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Robin van Persie plus a phantom free kick ruin Chelsea's weekend

Alex Livesey

Two trips to Manchester, two almighty kicks to the groin of the gestalt Chelsea support. It should be considered as a positive sign that we've come so close to getting the full six points from two of the trickiest away fixtures of the season, and the table definitely makes for happy viewing, but wins turning into draws -- which is, of course, what happened today at Old Trafford -- is always about what might have been.

Eight clear of Manchester City. Nine games played. It would have been essentially the perfect start to a season in which we're expected to claim the title. We know every point counts, and the two that vanished through an imaginary free kick and then Robin van Persie's late goal were serious (albeit hardly fatal) blows.

1-1 at Manchester United being a fundamentally disappointing result would seem like a completely alien idea even five years ago, but this isn't your grumpy, red-cheeked grandfather's United, and Chelsea were expected to roll through them fairly easily. But while they're weaker than they were during the days of Sir Alex Ferguson, the Red Devils are hardly a joke, and the first half was evidence enough that were were in for a fight.

Van Persie had the first sight of goal after slipping in behind the defence, but Thibaut Courtois was more than up to the task, racing out to block off the shot. And the best chances came -- despite some hard work from the hosts in midfield, where they succeeded in shutting down Cesc Fabregas -- at the other end. Branislav Ivanovic could easily have had a penalty when he was grappled by Chris Smalling, and David de Gea had to be alert when Didier Drogba met Oscar's smart pullback with a near-post drive.

Yes, Drogba. Diego Costa was, in theory, going to be able to start this match. Instead, he wasn't in the squad, leading Chelsea with a 36-year-old striker to lead the line. This had some fairly obvious downsides: Drogba doesn't have the stamina to conduct a full press for all or even most of the match, and the Blues had to settle for a half-hearted semi-harassment of the United back line for much of the game. But there are also benefits to having the Ivorian around.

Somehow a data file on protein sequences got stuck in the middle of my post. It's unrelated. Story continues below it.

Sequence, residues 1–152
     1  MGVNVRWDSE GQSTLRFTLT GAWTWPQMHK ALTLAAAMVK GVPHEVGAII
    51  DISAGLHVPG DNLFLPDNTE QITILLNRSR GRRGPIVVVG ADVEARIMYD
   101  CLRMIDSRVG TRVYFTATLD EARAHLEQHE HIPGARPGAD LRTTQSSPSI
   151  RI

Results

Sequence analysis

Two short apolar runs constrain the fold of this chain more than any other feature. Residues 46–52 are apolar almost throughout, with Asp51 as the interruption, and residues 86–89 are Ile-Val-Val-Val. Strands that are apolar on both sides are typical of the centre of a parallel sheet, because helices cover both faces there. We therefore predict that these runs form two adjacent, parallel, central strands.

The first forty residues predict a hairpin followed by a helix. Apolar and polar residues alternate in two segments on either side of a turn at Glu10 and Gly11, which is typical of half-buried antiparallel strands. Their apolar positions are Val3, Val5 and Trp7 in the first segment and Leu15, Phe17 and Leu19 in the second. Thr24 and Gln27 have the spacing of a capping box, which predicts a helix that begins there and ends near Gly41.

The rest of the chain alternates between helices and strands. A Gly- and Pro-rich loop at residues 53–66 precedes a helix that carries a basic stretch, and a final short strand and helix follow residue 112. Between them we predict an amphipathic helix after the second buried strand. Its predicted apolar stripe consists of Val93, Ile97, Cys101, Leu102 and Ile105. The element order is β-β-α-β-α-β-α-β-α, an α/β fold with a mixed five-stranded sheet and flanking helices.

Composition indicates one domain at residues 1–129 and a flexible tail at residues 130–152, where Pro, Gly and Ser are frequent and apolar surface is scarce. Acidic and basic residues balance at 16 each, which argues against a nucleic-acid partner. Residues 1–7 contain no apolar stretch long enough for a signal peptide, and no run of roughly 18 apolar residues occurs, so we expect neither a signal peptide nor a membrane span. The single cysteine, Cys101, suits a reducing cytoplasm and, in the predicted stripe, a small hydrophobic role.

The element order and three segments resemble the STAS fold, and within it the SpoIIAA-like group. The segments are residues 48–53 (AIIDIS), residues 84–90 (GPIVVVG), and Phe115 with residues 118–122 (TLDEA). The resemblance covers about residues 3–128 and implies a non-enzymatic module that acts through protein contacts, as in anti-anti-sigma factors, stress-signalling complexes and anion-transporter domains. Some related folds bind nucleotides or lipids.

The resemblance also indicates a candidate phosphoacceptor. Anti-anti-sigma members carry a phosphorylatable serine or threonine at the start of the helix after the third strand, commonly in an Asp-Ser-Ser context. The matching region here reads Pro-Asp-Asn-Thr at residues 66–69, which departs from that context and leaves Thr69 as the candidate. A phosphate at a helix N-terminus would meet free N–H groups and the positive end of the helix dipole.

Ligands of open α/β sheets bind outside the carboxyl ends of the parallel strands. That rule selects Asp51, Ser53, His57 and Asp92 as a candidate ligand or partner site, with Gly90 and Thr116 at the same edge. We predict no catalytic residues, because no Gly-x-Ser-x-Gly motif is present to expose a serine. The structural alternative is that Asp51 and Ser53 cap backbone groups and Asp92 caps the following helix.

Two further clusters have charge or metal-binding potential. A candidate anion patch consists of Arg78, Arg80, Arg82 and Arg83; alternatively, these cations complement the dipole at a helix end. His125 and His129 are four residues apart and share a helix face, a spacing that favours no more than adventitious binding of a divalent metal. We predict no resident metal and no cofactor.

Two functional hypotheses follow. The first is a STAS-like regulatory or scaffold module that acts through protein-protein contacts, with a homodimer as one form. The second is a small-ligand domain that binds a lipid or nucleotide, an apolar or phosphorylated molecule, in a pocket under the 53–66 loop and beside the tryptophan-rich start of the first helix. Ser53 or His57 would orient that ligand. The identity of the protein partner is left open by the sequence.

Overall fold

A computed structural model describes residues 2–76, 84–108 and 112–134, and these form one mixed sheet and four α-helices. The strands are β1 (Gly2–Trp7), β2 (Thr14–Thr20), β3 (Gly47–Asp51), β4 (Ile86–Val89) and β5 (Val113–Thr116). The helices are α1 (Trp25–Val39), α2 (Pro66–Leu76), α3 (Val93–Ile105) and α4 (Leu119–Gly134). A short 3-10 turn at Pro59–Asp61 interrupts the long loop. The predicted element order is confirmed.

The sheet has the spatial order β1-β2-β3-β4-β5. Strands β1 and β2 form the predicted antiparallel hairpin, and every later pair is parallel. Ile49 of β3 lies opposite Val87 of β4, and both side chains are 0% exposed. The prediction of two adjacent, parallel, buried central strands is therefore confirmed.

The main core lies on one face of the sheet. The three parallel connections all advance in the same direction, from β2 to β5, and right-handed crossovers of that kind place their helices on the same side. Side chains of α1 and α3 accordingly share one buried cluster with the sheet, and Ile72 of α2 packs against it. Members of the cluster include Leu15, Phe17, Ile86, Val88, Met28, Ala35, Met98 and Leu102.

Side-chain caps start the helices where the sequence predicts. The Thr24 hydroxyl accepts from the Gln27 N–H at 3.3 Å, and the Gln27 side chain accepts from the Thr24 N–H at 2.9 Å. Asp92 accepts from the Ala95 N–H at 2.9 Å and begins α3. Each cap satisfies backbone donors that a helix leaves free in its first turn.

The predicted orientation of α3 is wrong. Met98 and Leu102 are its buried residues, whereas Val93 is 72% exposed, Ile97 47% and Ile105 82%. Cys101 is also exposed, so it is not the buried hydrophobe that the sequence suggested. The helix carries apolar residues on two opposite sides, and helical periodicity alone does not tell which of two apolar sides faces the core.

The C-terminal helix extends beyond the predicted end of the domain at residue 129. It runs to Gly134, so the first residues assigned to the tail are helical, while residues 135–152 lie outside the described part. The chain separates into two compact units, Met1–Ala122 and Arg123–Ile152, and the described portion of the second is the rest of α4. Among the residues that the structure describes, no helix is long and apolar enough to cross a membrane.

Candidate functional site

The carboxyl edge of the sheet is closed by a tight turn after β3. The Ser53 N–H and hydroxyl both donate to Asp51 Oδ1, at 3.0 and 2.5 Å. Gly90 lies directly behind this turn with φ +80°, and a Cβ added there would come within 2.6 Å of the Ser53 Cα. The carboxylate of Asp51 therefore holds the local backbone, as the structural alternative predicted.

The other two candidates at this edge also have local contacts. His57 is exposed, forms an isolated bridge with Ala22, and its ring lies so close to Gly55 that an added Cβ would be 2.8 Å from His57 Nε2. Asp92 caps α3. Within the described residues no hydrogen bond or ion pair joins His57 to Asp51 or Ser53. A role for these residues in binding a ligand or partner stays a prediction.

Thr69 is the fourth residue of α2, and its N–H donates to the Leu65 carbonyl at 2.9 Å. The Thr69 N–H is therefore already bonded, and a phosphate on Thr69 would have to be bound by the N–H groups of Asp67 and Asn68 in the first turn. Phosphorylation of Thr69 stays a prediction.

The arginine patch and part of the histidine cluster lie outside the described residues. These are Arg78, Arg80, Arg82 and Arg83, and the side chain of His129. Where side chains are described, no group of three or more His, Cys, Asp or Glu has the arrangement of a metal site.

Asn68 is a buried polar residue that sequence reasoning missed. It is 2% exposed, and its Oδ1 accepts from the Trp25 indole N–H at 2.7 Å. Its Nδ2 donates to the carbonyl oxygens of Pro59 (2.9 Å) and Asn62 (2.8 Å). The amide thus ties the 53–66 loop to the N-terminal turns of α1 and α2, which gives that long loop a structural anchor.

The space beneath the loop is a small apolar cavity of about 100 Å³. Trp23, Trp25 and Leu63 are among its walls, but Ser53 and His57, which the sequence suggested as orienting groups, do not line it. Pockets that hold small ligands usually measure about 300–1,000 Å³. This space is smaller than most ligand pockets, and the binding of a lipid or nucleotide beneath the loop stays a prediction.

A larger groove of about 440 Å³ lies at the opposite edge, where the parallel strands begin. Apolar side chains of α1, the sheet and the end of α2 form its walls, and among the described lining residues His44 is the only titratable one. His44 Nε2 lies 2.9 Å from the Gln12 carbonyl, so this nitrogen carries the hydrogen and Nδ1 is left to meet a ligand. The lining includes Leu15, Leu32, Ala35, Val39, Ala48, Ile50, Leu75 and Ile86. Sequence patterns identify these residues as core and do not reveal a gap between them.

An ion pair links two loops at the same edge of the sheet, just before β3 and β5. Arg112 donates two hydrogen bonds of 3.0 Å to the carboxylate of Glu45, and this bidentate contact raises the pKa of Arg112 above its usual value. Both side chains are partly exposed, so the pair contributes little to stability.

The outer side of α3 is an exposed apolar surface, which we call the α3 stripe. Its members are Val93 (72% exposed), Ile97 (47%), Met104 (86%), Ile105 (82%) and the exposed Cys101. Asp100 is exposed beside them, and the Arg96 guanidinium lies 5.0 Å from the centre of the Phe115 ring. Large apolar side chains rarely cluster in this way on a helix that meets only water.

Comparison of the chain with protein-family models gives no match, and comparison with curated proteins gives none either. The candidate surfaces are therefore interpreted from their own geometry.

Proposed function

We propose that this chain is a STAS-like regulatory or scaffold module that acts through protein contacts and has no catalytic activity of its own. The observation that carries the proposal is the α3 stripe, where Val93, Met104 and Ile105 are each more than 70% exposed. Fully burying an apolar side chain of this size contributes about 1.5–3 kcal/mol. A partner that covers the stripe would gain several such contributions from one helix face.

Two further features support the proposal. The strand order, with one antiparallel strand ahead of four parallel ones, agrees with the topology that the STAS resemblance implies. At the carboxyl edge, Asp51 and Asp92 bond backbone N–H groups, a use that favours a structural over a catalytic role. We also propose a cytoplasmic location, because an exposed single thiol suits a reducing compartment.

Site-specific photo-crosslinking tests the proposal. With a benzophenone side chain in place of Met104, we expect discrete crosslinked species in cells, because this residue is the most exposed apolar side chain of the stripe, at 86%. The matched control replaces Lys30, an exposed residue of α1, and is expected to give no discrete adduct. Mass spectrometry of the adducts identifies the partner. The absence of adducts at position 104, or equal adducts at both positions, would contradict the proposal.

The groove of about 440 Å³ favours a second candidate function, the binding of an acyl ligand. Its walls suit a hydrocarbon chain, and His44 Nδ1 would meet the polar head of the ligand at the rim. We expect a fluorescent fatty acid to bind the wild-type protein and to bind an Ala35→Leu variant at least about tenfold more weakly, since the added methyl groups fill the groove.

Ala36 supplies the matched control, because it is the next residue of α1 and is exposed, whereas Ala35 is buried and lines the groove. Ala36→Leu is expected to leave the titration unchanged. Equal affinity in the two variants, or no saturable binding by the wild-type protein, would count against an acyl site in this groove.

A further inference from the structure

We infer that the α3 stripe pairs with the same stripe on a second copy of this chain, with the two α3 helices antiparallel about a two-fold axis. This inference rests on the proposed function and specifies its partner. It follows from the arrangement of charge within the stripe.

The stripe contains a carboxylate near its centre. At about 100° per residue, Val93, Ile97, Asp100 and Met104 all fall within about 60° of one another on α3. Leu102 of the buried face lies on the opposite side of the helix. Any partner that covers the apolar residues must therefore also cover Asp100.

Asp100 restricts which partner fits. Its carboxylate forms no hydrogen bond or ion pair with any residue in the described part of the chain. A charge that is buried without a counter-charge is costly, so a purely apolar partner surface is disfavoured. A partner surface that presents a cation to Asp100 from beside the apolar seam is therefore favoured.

In terms of style points, it should have been Eden Hazard's goal. The Belgian had been an unholy terror all game, getting Rafael booked so early that the right back resorted to hiding behind Smalling whenever Hazard was in possession, and with the best move of the match Hazard sauntered through the United defence, exchanged passes with Drogba, broke free on goal ... and then had a misplaced shot turned behind for a corner.

But Drogba is there to help out with corner kicks. Fabregas swung the ball to the near post, and there he was. If the goal against Maribor was a replica of the moment that won the Champions League, this was a reenactment of the moment which saved it. Drogba remains a monster in the air, and his header was unstoppable. De Gea was left picking the ball out of the back of his net, and Chelsea had a vital lead.

We responded by holding possession for the next 15 minutes. It was a superb example of how you're meant to take the sting out of the game, with Fabregas and Nemanja Matic instrumental in keeping the hosts completely any utterly stifled. But that spell couldn't last -- we were fouling too often whenever United were on the ball, and Phil Dowd was taking the opportunity to hand out yellow cards like sweets on Halloween.

Eventually that was going to cost us. Branislav Ivanovic was booked for fouling Adnan Januzaj on the edge of the box, which left the Serbian on a yellow as we headed into injury time. And when Angel di Maria fell over in the general vicinity of the big right back, Dowd had seen enough. A second yellow card (the seventh Chelsea were 'awarded' in the match) was displayed, Ivanovic was dismissed, and United had a free kick against ten men.

Courtois did well to keep out the initial header from Marouane Fellaini, but he was helpless against Van Persie's followup. It wasn't as painful as the goal we conceded at the Etihad -- that this didn't come from Frank Lampard and that City had contrived to lose at Upton Park on Saturday softened the blow somewhat -- but it was still gut-wrenching. We were still reeling from being pegged back when the whistle blew for full time.

It's tempting to wallow at this point. But even if you take the opportunity to have a good sulk at our inability to either kill off games or hold onto narrow leads, remember this: we gained further ground on Manchester City this weekend. And when a tremendously disappointing weekend helps out in the title race, life isn't so bad.

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